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Twelfth gold sees Dame Sarah Storey move clear as Britain’s most successful female Paralympian

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on 08-09-2016 22:44

Dame Sarah Storey became Britain’s most successful female Paralympian in her own right by claiming her 12th gold medal on the opening day of the Rio 2016 Paralympic Games.

 

Dame Storey had previously shared the honour with Tanni Grey-Thompson on 11 gold medals but victory against fellow Brit Crystal Lane in the C5 3,000m individual pursuit saw her move clear.

The Manchester rider only needed 1,375m of the 3,000m race to secure her seventh para-cycling gold against Chelmsford’s Lane, with five golds also coming in the pool.

"It's amazing and I don't think it will sink for a very long time."  Dame Sarah Storey

Dame Sarah Storey said:

"I've not thought about being the most decorated Paralympian until two days ago but Tanni's still a hero for me,” said Storey.

"To go quicker than London after having my daughter Louisa is the icing on the cake. You can never underestimate anyone on the other side of the track. It's amazing and I don't think it will sink for a very long time.

“These things are just things that are a byproduct of doing a good performance but someone else will come along and smash it out the water at some point.”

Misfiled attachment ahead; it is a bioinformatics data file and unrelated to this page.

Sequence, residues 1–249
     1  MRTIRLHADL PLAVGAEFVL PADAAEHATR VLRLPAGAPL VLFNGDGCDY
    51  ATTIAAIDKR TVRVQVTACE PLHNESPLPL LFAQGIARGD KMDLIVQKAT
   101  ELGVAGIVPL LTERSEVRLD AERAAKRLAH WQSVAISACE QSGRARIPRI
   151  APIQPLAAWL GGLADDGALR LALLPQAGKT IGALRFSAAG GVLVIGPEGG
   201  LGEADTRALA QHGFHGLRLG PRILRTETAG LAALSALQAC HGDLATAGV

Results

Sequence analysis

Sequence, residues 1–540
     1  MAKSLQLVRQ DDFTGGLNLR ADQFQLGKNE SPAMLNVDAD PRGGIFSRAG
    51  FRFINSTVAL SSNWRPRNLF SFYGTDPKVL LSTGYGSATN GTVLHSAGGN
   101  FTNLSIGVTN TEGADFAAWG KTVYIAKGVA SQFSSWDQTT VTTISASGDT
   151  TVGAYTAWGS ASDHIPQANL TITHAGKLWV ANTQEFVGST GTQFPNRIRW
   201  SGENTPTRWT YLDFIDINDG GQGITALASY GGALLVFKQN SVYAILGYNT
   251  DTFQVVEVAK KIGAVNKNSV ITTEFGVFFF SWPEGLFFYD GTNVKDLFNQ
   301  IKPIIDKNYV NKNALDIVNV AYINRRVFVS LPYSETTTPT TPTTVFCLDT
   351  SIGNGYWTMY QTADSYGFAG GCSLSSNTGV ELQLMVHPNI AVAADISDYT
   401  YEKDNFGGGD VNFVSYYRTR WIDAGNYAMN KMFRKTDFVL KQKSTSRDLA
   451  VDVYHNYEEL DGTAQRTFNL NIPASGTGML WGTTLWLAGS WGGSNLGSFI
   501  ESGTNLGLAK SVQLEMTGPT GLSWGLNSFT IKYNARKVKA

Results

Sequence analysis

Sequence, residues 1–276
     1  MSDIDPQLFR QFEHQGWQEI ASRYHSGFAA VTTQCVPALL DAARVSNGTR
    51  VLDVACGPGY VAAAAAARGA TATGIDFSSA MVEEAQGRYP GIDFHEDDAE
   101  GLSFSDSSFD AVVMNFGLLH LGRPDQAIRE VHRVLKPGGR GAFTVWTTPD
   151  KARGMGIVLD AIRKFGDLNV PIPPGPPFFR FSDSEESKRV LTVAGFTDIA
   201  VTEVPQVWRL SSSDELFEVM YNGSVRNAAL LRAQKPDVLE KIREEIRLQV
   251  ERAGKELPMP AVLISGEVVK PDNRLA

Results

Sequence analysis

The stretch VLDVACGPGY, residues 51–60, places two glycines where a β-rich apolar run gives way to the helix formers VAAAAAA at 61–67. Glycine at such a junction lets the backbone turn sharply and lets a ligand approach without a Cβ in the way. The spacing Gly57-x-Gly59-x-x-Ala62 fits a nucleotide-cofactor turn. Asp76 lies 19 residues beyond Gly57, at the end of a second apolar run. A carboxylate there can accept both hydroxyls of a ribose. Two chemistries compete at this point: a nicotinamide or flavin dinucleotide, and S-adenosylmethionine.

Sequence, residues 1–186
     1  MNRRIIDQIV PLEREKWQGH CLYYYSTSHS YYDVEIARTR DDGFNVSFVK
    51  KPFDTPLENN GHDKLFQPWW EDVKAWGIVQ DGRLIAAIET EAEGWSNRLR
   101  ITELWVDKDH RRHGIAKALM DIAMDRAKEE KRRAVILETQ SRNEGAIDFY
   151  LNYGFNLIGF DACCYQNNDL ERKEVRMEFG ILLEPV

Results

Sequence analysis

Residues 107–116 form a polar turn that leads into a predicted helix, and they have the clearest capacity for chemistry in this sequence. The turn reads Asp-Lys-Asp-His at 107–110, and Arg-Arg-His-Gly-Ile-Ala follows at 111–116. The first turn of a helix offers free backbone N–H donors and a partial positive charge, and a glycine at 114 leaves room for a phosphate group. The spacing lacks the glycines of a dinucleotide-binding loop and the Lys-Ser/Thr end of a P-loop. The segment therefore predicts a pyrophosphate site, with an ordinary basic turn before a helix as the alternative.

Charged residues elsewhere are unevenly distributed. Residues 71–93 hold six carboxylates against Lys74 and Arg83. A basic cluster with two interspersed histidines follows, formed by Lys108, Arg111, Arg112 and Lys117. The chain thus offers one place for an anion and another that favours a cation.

The 38-year-old’s historic moment was just one of three gold medals won by ParalympicsGB on day one at the Rio Olympic Velodrome.

Stratford-upon-Avon’s Megan Giglia was the first ParalympicsGB athlete to win gold in Brazil after she beat USA’s Jamie Whitmore in the C1-2-3 3,000m individual pursuit.

The 31-year-old, who took up the sport after suffering a stroke in 2013, claimed Paralympic glory with 1,250m to spare.

Giglia said:

“I’ve still got three events to go so we'll have to see. I’ve got my main event out of the way now so I can just enjoy the rest of them with my legs peddling fast.

And ParalympicGB’s fourth medal on the track came through Mytholmroyd’s Stephen Bate and his tandem partner Adam Duggleby as they secured gold in the men’s B individual pursuit.

"It's hard to back up a world record ride like this morning but I was super stoked to be able to do it by winning gold"  Stephen Bate

The Brits just missed out on setting another world record in the final, having set a new best time in the morning session, but the 4:08.631 they posted was good enough to defeat Netherland’s Vincent ter Schure in the final by just under two seconds.

Bate said:

"It's hard to back up a world record ride like this morning but I was super stoked to be able to do it by winning gold. This guy (Duggleby) is world class and I can't thank him enough."

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